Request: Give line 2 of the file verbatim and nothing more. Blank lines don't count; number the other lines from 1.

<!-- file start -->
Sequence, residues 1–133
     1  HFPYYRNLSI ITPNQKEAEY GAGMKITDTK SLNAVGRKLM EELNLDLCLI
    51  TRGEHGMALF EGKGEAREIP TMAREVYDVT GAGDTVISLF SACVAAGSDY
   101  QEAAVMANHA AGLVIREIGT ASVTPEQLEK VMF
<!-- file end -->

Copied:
     1  HFPYYRNLSI ITPNQKEAEY GAGMKITDTK SLNAVGRKLM EELNLDLCLI